Doing stuff like this my way of saying, “I’m sorry,” you know, to the Iraqi people.
“These are soldiers that are telling their stories,” says Geoff Millard. More specifically, these are Iraq war veterans, and they’re telling their stories in an effort to stop the wars in Iraq and Afghanistan—and other, as yet unimagined wars. As This Is Where We Take Our Stand opens, Millard and other members of Iraq War Veterans Against the War (IVAW) are organizing a forum for some 250 US Iraq and Afghanistan veterans and active duty soldiers, as well as some family members. They mean to remember what has happened, to speak to each other and also, publicly, with the hope that the stories might raise awareness of what happens in the war in a wider population that has, for the most part, been able to ignore it.
Scheduled to begin on 13 March of 2008, the fifth anniversary of the invasion of Iraq, the event is inspired by the 1971 Winter Soldier Investigation, some of which is assembled in the film Winter Soldier, during which US veterans of the war in Vietnam described their experiences, what they had seen and done in Southeast Asia. As This is Where We Take Our Stand includes brief moments from the first film (“They were inferior to us, we were Americans, we were the civilized people”), the similarities between the two events, and the films about them, are striking. In both, soldiers sit at tables to speak, their listeners in folding chairs, attentive and respectful. In both, journalists ask questions and point their cameras, and in both, some stories are illustrated by amateur photos, “home movies,” and occasional news footage. If such visual evidence can’t “verify” all stories—a concern voiced more than once by reporters and protestors at the event—it does support accounts that something went wrong. The tragedy is that this “wrong” is how wars must work.This much is revealed by both hearings: where the presentations are formal and also painful, as soldiers’ voices catch or the film cuts to audience members reacting, their faces somber or tearful. The images from the wars are heartbreaking, whether they show the younger, more naïve versions of the soldiers now speaking, or the experiences they’re describing, the effects of violence.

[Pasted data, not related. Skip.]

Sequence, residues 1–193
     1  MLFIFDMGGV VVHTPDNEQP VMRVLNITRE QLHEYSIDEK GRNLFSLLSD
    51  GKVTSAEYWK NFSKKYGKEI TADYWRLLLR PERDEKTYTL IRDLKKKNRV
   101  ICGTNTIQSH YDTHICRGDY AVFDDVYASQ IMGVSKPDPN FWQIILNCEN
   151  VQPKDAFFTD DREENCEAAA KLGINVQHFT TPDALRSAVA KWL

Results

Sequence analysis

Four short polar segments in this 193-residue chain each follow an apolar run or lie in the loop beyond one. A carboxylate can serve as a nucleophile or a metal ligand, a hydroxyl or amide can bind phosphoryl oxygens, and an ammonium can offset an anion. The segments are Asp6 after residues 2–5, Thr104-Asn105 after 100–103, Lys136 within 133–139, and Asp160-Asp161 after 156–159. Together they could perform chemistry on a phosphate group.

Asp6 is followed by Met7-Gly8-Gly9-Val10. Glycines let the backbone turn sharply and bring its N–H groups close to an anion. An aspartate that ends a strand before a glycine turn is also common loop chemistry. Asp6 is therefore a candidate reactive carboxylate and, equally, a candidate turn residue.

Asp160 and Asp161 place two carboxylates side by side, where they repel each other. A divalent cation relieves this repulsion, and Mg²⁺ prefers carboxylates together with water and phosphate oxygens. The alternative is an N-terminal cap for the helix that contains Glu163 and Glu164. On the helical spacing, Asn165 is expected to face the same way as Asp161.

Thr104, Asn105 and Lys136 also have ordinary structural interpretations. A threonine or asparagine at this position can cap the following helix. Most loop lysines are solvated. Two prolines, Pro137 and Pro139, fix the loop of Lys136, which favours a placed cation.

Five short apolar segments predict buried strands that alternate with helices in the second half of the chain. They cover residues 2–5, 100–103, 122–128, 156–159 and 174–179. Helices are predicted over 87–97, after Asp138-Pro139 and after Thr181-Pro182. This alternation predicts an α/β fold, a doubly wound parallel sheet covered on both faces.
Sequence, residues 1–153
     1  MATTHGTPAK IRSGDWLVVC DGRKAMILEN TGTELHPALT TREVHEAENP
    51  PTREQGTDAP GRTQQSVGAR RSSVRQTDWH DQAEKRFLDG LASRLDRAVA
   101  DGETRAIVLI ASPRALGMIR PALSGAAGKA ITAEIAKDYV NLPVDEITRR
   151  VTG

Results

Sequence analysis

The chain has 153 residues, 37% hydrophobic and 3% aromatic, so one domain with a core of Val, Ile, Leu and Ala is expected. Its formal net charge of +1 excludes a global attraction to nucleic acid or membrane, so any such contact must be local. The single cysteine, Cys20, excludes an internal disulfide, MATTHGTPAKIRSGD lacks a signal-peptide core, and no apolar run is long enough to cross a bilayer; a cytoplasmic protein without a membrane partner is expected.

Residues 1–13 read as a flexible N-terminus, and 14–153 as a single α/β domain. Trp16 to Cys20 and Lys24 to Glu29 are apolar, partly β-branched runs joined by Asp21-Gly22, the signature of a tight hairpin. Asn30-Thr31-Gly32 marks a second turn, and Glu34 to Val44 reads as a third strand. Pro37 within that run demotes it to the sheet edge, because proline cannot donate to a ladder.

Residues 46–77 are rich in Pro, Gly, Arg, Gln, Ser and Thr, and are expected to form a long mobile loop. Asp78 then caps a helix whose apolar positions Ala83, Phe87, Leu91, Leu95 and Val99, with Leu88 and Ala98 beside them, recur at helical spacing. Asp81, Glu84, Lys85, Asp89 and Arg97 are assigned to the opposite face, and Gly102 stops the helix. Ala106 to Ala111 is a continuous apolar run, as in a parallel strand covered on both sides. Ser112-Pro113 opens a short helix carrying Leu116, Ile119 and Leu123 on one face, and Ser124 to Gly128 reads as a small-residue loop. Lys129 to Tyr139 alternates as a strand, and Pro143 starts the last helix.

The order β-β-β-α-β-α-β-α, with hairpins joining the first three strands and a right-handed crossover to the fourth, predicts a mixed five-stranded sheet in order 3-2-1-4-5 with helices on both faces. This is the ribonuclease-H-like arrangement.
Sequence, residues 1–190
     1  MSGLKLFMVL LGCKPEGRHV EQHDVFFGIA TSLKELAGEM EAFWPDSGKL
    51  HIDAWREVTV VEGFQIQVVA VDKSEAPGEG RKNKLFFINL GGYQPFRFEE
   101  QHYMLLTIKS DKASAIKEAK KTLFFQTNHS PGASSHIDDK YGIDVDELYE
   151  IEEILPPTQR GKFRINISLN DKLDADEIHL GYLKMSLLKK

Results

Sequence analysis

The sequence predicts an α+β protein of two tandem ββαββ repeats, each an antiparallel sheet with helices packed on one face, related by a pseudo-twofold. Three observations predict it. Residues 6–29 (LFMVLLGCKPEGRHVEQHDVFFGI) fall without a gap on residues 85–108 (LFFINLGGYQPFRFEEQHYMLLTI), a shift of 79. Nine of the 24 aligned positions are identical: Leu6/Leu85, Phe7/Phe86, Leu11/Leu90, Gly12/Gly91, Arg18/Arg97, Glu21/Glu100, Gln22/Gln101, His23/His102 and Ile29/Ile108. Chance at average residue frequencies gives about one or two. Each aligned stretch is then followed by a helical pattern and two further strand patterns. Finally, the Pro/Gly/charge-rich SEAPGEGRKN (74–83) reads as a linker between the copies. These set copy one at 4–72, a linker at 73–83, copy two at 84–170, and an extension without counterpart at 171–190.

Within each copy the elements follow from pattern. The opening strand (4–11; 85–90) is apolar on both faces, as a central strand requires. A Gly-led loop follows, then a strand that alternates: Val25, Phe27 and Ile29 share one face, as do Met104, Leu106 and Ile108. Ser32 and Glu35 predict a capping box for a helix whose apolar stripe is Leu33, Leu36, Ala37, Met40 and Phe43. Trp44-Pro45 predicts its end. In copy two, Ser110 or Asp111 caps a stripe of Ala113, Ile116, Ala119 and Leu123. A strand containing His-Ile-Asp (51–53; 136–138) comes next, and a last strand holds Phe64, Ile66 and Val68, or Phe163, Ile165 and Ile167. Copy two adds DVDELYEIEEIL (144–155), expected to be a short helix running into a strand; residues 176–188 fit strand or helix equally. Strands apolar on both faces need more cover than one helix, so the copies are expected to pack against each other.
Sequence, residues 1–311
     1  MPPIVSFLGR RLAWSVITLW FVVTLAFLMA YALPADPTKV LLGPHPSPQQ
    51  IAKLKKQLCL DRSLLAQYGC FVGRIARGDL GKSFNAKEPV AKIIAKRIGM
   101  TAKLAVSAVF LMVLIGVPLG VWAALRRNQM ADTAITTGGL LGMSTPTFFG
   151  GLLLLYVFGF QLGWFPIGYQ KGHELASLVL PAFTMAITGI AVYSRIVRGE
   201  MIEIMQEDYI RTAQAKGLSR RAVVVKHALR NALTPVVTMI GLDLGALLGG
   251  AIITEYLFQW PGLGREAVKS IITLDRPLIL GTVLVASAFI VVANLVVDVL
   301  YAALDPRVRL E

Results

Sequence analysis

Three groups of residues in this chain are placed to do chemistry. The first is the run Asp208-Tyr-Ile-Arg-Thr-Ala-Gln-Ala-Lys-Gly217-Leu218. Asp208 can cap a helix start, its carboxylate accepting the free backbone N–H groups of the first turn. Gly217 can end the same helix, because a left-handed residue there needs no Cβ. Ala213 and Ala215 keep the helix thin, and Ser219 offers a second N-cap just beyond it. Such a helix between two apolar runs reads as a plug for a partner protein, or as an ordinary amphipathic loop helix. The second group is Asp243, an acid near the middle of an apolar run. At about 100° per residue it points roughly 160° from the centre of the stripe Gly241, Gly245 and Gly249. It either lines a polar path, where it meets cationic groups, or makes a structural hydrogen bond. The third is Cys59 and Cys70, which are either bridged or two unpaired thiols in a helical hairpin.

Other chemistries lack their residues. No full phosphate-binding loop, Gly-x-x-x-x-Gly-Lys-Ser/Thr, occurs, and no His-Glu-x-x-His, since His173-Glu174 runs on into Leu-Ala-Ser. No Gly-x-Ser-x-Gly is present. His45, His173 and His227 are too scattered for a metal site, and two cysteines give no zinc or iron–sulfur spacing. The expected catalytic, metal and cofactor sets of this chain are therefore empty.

The similarities between the films make clear a couple of disturbing points. For one thing, for all the advances in technologies since the Vietnam war, the ways that war is waged haven’t changed much. Young soldiers—men and women—are trained and sent out into extraordinary situations, and that training must involve the derogation of the enemy: otherwise, it’s hard, if not impossible, to shoot at another human being. For another thing, the apparent lessons of the war in Vietnam seem lost: the same essential assertions hold, that the US troops are following orders, that abuses and attitudes filter throughout the ranks, that military occupations of other countries, no matter how they start, lead to local resentments and resistance: occupiers become adversaries. The film, following from the forum, doesn’t blame people so much as it considers how they came to their wartime selves, how they came to see others as such, and how those others might be like them—and, importantly, like US civilians,
Such lessons remain crucial, even as specific wars “wind down.” And so This Is Where We Take Our Stand—opening 1 February at New York’s IFC Center and airing on PBS—is crucial too, as it helps us to realize such difficult lessons, again. Most obviously, these lessons are articulated in individual stories, harrowing and remorseful. These range from accounts of killings to descriptions of the kinds of racist language used to redefine and demean the “other,” including civilians, who look “just like” the enemy. And they include memories of shooting at old people unable who are driving badly, the deaths of children, the anger voiced by people trying to protect their homes and families.
Jason Washburn remembers a moment when he saw himself as one of these citizens might have seen him: “I had come to realize,” he says, that I was on the bullies’ team.” When he and Selena Coppa and Millard signed up to go to war, they had other self-images in mind: they were fighting for their country, they were pursuing a family tradition, or they were seeking vengeance against the aggressors of 9/11.Once in country, however, self-images shift. And such shifts can be lasting. As Clifton Hicks remembers, “It just doesn’t pay to give a shit. You’ve gotta be a callous fucker over there to live. You’ve gotta be a callous fucker back here to live with what you lived through.” But if the soldiers testifying at Winter Soldier 2008 mean to “bring the reality of the war home, here,” as one man asserts, they also take responsibility for what they’ve done and witnessed. As the US continues to fight wars away from home, it’s too easy for the civilian population to forget, even as it’s happening. This population can remain unaware that Iraq war veterans commit suicide (10,000 as of 2008) and that soldiers turn frustrated and angry that their experiences are so isolating.
In telling their stories, Millard says, they don’t judge or even ask their listeners to judge, what’s gone wrong. They hope only that they can stop this war and at least caution against a next war, to end the repetition and the lessons unlearned.